According to Rick Allen, co-founder of[7], such speculation is true . . . to a limited extent. When interviewed on the subject, Mr. Allen stated that, “In most college sport, the non-revenue sports, I don’t see a direct connection when it comes to transfer athletes choosing a school based on its NIL rules. I do, however, see a connection when we talk about the revenue producing sports of football and men’s basketball.” And even though the NCAA’s policy states that “NIL opportunities may not be used as a recruiting inducement . . . ,”[8] this belief that transfer students will be courted by programs with promises of profitable off-the-field opportunities was affirmed by Mike Hughes of Journal Enterprise when he was quoted saying, “What we are going to see happen is that bigger colleges with winning histories are going to use NIL to their advantage.” But favorable NIL policies or not, the question remains, how significant are these NIL agreements for student-athletes, whether a transfer student or not?

Current data, though limited, suggest that the impact is nominal, with most student-athletes making some, but not a significant amount of money from a NIL arrangement with a brand or company. For instance, one athlete marketing and NIL platform reported that from July 1, through December 31, 2021, NIL deals passing through its platform earned a student-athlete an average (not median) of $1,036.00.[9] A second marketing and NIL platform called INFLCR reported the same average of $1,306.00, but, interestingly, a median dollar amount of just $51.00.[10] In terms of which sports and schools are benefiting the most, another platform stated that approximately sixty-four percent of the NIL deals involve football, followed by men’s basketball and women’s volleyball, with a large percentage of the endorsement money going to athletes playing for colleges or universities within the Big Ten, Big 12, ACC, and SEC.[11]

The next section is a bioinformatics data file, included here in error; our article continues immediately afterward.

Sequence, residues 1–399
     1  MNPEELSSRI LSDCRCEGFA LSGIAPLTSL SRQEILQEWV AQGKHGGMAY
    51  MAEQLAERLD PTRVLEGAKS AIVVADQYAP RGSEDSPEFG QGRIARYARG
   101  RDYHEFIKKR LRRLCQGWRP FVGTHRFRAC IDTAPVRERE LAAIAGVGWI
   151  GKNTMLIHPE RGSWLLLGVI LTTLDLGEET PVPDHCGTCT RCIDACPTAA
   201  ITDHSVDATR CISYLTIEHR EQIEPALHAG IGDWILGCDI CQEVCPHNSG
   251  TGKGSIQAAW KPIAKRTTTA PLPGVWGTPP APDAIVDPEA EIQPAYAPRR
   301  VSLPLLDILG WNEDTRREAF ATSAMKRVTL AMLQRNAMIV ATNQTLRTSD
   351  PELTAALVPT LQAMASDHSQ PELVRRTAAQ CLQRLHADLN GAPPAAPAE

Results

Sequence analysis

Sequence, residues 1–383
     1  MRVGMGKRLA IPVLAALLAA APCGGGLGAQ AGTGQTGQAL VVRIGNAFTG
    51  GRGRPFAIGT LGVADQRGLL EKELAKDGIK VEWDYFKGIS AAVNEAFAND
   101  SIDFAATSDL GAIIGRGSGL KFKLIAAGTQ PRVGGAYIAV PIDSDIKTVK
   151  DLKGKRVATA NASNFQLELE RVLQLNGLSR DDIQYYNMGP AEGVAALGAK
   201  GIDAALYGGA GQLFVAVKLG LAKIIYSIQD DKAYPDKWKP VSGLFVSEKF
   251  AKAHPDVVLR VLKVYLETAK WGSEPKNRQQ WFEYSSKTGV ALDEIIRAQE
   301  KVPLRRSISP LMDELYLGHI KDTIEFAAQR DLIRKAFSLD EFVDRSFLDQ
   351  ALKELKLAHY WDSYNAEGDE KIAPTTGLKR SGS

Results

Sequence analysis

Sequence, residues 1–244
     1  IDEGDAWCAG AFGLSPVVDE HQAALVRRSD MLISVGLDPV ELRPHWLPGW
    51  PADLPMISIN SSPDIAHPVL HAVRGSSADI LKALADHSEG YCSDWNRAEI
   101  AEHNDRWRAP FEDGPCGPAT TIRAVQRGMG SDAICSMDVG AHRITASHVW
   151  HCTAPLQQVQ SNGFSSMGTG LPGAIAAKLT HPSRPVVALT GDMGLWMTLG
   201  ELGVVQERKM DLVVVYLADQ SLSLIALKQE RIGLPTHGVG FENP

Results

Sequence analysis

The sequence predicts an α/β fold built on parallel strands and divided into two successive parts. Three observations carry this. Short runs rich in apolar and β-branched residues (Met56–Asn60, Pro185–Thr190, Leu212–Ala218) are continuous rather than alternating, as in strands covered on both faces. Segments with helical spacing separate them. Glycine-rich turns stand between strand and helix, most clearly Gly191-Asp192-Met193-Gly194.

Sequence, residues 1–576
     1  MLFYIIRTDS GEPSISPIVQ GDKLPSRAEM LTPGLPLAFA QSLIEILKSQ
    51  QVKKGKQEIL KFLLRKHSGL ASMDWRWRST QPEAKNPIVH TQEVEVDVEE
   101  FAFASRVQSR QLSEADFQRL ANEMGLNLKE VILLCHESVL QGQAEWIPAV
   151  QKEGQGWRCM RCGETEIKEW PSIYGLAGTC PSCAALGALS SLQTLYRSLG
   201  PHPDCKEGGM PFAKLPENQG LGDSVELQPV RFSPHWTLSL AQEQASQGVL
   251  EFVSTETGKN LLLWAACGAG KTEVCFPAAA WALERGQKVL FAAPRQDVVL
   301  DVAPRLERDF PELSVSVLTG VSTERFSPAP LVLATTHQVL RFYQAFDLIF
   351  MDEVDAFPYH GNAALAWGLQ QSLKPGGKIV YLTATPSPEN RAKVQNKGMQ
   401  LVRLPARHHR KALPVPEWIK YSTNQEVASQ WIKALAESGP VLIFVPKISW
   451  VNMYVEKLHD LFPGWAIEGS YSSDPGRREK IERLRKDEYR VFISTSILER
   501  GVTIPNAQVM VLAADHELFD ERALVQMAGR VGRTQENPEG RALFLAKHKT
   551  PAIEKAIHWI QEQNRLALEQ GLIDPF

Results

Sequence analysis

Although there is no significant data to date to determine whether or not favorable NIL rules influence a transfer student’s decision-making process, the available data does indicate that NIL deals, for the most part, have little impact on a student-athlete’s overall finances. That being said, all indicators do suggest that top-tiered colleges and universities, in spite of NCAA rules to the contrary, will continue to use the lure of potentially lucrative NIL deals as an enticement to draw transfer athletes to their institution.

[1] This one-time transfer exception doesn’t apply to baseball, men’s or women’s basketball, football or men’s ice hockey. Student-athletes in these sports must file for a waiver to be able to compete without sitting out a season



[4] Until the rule adoption in 2018, student- athletes had to be granted permission from their current school to transfer and then they were required sit out a year as a penalty for transferring. If a transfer was denied a by the coach or athletic department, a long process would follow.

[5] NCAA Interim NIL Policy.


[7] Informed Athlete is a consulting service that helps guide student-athletes through the transfer process. Additional information can be found at:


[9] NIL Industry Insights, Opendorse (Dec. 31, 2021),

[10] Alan Blinder, The Smaller, Everyday Deals for College Athletes Under New Rules, New York Times (Dec. 9, 2021),

[11] Id.